This Commons Library Briefing Paper discusses issues relating to returning to work as the Government re-opens the economy. It provides an overview of relevant health and safety law and a discussion of Government guidance on working safely in the context of Covid-19. It also includes a discussion of the positions in Scotland, Wales and Northern Ireland.

Download the full report

This is a fast-moving area and the paper should be read as correct at the time of publication (05.08.2020).

In late March 2020, governments in all four nations of the UK made legislation to impose lockdowns in response to the Covid-19 pandemic.

All four governments have since published Covid-19 recovery strategies, setting out plans for the phased re-opening of the economy. As part of this process, the governments have at various stages been amending legislation and guidance that restricts which businesses can open and which workers can attend the workplace.

They have also each published guidance for businesses on working safely during Covid-19.

‘Return to work’

The shutdown of work came about primarily through two sets of rules:

  • The restrictions on movement and gatherings; and
  • The closure of business premises.

Each of the four lockdown regulations initially made it an offence for a person to leave their house to go to work if their work could be done from home.

In England the legal restriction on going to work was effectively lifted on 1 June and removed entirely on 4 July. However, guidance said that workers should continue working from home if possible. On 1 August the UK Government lifted this guidance, saying that working from home is simply “one way” to operate safely.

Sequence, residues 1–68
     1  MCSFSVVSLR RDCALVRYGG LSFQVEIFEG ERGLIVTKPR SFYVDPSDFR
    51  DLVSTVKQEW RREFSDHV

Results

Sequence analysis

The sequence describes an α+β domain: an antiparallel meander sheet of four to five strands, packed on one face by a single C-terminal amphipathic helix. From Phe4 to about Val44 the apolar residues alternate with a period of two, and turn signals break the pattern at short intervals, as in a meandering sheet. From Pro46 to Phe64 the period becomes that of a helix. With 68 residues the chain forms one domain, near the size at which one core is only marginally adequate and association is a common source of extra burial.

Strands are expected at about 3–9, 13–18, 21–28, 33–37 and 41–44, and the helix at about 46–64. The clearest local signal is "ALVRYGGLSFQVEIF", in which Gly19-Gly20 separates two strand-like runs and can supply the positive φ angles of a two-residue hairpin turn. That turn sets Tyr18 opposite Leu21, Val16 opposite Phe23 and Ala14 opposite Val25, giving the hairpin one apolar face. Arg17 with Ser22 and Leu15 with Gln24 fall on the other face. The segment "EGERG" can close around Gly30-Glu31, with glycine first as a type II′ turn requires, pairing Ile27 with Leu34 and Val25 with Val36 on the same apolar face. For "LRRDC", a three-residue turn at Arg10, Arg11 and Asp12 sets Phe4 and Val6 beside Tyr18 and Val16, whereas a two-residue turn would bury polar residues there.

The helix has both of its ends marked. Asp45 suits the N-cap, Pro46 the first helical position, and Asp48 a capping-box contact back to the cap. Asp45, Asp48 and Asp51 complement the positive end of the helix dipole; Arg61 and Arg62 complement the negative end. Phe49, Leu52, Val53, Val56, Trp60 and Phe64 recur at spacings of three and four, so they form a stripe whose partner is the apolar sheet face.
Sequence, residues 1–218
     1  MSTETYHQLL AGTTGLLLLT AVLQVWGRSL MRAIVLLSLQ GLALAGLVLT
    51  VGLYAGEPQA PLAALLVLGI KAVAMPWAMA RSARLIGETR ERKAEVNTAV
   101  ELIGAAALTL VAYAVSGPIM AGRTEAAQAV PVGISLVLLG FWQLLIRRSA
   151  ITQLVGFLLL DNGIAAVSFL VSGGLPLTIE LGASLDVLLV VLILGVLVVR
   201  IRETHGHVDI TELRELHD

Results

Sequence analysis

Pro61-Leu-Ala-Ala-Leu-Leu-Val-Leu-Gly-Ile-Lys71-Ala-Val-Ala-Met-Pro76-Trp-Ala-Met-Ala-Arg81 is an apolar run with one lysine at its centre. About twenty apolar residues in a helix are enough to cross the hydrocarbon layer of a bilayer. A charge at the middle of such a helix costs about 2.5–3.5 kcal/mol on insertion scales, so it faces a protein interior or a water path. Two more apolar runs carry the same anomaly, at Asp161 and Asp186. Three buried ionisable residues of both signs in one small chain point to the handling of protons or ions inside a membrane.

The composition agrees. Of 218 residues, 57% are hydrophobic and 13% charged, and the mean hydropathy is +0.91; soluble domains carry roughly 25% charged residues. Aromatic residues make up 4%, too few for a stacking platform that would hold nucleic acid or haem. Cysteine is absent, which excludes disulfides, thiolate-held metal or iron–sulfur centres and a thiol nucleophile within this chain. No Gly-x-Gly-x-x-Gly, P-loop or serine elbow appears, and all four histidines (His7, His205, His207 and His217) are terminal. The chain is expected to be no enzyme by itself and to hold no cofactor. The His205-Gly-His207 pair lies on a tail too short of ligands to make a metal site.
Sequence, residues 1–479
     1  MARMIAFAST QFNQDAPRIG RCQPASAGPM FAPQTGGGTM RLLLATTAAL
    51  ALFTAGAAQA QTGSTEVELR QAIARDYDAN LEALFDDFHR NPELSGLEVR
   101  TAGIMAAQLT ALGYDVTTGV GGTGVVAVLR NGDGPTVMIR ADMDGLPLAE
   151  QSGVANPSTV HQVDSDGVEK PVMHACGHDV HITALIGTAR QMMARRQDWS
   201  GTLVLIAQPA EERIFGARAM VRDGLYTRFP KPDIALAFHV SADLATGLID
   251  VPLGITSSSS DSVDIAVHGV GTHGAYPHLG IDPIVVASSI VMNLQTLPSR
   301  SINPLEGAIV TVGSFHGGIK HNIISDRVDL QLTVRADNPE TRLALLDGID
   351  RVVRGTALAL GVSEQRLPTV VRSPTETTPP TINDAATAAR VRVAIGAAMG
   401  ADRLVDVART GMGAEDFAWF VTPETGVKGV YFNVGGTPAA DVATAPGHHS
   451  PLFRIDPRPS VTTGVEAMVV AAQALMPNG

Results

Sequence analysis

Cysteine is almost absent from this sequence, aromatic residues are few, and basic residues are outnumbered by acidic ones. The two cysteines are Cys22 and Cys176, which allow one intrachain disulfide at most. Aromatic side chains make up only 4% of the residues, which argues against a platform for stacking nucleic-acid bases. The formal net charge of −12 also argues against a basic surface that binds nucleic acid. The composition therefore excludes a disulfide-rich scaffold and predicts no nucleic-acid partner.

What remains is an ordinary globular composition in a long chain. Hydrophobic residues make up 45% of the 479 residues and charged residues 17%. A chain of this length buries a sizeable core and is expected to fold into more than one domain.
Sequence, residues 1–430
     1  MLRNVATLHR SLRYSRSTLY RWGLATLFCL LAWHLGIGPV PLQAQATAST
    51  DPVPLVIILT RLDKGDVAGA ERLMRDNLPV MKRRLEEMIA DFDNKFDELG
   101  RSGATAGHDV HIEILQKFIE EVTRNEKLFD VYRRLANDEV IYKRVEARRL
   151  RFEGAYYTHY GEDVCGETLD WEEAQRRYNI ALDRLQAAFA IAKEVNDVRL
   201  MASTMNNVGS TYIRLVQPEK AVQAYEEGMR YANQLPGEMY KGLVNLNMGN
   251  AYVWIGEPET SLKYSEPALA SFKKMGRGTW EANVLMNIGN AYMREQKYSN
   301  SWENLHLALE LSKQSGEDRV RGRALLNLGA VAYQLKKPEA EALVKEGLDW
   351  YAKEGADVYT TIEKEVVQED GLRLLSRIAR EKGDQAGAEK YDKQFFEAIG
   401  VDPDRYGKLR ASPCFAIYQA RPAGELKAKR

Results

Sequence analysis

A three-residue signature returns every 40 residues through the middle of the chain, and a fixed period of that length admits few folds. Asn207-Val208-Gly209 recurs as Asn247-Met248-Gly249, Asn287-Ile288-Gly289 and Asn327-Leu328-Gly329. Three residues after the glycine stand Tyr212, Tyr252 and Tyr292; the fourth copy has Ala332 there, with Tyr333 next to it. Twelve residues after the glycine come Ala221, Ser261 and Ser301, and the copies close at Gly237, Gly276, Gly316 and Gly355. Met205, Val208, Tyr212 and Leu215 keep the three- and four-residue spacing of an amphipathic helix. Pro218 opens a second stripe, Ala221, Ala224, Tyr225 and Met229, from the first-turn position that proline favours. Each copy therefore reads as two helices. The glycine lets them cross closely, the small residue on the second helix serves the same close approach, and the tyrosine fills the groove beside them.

The Scottish, Welsh and Northern Irish governments also lifted the legal restrictions on going to work. However, their guidance says working from home is remains the default.

Each of the four governments also had guidance advising those who are clinically extremely vulnerable to Covid-19 to shield at home. England, Scotland and Northern Ireland ‘paused’ their shielding guidance on 1 August. While extremely vulnerable people can now return to work, the guidance says they should work from home if possible. The Welsh Government is keeping its shielding arrangements in place until at least 16 August.

Each of the four governments have lifted most of the rules requiring businesses to close. In England, some restrictions have been retained or re-imposed in local lockdowns. This is discussed in the Library Briefing, Coronavirus: Business re-opening (CBP-8945).

Employers are under no obligation to instruct workers to return and can keep eligible employees on furlough. The Coronavirus Job Retention Scheme is set to remain in place until 31 October 2020, although with employer contributions required from 1 August.

Health and safety

Employers have to follow a vast and complex body of health and safety legislation. The Health and Safety Executive (HSE) publishes approved codes of practice and guidance on health and safety law. In summary, employers have to:

  • Undertake a risk assessment;
  • Set up safe systems of work, informed by the risk assessment;
  • Implement the safe systems of work; and
  • Keep the systems of work under review.